Sydney recorded air pollution to be among the 20 worst in the world on Tuesday (19th Nov ’19) due to smoke caused by bush-fires. Sydney’s air quality on Tuesday is among the lowest in the world – with NSW Environment’s air quality measurements reading 2334 at around 9 am in Sydney’s North-West – almost 20 times worse than Jakarta and Beijing. The reading makes the city’s air quality the worst in the world and twice as bad as Kolkata’s which today sits at 999, according to the real-time Air Quality Index.
The New South Wales Meteorology Office on Tuesday tweeted,”Sydney is also known as the ‘big smoke’ and is living up to the nickname today. Bush-fire smoke will slowly ease during the day, increasing tonight. A poor air quality alert is current.”
Health authorities have urged asthma sufferers across Sydney to stay inside as a thick blanket of bushfire smoke settles across the region.With safe levels sitting at between 34-66, residents are being urged to take care.
Government data of the state showed the air quality was “poor”. In some districts of the northwest, the indexes of PM 2.5 particles reached 130 and PM 10 reached 195, Efe news reported.
The smoke Sydney woke up to was from the fires of Gospers Mountain, about 300 km northwest of the city. About 850 sq.km of land has been burned, greater than the area occupied by the capital city of Canberra.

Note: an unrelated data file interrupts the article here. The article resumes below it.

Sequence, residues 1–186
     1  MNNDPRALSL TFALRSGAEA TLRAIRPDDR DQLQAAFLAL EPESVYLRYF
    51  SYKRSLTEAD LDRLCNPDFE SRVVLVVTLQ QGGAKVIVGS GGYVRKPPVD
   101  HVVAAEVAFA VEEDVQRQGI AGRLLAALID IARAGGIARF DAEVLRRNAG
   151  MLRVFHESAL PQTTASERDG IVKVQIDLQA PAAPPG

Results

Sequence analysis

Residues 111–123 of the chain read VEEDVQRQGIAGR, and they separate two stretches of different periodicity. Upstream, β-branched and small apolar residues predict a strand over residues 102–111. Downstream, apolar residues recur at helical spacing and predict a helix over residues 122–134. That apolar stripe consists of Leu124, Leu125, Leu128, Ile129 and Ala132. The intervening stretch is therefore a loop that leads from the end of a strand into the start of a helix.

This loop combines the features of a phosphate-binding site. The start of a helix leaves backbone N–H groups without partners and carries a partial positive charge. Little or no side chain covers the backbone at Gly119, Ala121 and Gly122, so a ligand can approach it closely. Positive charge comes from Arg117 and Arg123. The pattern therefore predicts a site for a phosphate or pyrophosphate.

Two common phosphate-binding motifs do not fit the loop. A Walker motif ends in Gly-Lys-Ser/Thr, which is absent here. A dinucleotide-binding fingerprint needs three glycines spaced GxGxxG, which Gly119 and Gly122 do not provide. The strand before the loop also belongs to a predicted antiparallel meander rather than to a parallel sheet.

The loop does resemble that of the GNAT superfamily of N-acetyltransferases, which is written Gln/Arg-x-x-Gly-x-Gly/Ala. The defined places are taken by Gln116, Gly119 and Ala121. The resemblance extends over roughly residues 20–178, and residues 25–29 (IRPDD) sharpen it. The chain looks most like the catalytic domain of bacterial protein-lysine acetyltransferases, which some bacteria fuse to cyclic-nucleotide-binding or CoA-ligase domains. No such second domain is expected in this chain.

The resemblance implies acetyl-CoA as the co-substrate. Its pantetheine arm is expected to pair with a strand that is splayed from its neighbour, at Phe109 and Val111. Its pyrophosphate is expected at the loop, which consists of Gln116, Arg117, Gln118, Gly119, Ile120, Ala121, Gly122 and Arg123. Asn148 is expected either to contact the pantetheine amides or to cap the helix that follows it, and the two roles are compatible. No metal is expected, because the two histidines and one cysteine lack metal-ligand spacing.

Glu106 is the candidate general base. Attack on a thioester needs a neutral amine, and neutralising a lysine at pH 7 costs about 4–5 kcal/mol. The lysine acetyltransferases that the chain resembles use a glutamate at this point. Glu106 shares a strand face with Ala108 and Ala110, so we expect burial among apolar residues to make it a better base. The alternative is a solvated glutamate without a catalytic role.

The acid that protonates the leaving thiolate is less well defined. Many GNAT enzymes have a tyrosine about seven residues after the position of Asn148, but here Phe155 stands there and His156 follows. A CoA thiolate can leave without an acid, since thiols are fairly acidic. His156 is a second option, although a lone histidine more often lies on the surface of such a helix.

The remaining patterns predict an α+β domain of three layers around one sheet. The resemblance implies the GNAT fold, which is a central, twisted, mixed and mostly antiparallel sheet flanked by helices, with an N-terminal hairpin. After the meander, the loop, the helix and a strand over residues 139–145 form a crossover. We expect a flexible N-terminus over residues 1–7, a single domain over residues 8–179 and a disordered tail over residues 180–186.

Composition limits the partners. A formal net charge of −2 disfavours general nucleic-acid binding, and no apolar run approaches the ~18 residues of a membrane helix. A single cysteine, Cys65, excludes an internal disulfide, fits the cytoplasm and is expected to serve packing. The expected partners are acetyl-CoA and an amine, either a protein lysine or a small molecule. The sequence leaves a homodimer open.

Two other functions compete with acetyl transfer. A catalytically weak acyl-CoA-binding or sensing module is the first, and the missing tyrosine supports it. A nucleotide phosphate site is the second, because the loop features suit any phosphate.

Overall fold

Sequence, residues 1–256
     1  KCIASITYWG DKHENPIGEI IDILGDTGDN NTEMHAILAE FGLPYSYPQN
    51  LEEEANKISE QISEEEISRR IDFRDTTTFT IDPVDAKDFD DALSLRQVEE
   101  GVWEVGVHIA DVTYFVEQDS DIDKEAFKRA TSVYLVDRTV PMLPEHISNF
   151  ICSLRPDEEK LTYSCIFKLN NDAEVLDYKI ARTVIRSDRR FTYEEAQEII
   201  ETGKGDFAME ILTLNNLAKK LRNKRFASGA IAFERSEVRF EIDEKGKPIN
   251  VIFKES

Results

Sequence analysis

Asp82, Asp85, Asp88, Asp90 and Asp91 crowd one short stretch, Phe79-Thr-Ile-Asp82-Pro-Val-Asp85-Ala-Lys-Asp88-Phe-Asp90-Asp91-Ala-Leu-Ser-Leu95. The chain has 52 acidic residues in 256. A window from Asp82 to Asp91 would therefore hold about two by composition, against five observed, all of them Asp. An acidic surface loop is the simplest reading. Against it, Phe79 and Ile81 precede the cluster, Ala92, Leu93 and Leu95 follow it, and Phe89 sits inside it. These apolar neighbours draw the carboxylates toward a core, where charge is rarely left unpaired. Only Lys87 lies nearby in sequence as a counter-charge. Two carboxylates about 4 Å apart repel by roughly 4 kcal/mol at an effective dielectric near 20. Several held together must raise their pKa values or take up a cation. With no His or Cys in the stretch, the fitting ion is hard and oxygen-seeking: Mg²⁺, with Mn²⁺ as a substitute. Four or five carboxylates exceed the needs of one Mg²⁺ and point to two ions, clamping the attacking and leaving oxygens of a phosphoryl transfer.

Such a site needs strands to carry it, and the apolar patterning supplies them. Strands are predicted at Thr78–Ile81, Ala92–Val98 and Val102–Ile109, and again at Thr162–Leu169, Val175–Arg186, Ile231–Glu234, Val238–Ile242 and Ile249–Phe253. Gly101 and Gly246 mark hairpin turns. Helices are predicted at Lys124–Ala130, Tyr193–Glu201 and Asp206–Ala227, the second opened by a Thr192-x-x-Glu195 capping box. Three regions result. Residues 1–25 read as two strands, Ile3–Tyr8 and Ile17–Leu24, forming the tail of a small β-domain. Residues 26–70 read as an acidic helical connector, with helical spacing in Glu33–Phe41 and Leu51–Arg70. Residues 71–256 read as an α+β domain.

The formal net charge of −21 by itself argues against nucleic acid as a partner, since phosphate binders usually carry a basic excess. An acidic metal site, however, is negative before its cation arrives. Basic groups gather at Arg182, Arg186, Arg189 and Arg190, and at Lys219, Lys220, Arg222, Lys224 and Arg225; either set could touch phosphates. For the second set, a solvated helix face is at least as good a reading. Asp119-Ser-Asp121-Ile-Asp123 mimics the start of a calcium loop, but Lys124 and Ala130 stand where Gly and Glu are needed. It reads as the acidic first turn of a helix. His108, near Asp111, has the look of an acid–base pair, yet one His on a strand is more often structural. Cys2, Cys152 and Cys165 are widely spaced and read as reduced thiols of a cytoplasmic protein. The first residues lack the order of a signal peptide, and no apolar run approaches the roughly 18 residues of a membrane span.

The impact of the smoke, which also affected Wollongong and Newcastle, is expected to worsen due to intense heat on the east coast of Australia, in the next two days. The weather conditions will make work difficult for the more than 1,300 firefighters who have been fighting the flames for almost two weeks.
At least six people have died from the bushfires in New South Wales, the region most affected by bushfires. Since July 13, 13,000 sq.km of land have been razed.
Likewise, neighbouring Queensland and the south of South Australia will see temperatures around 40 degrees Celsius, which may aggravate active fires or create new ones.
The fire season in Australia varies by area and weather conditions, although fires are generally recorded during the summer months of December to March.
The worst fires in the country in recent decades occurred in early February 2009 in Victoria, causing 173 deaths, leaving 414 injured and burned an area of 4,500 sq.km.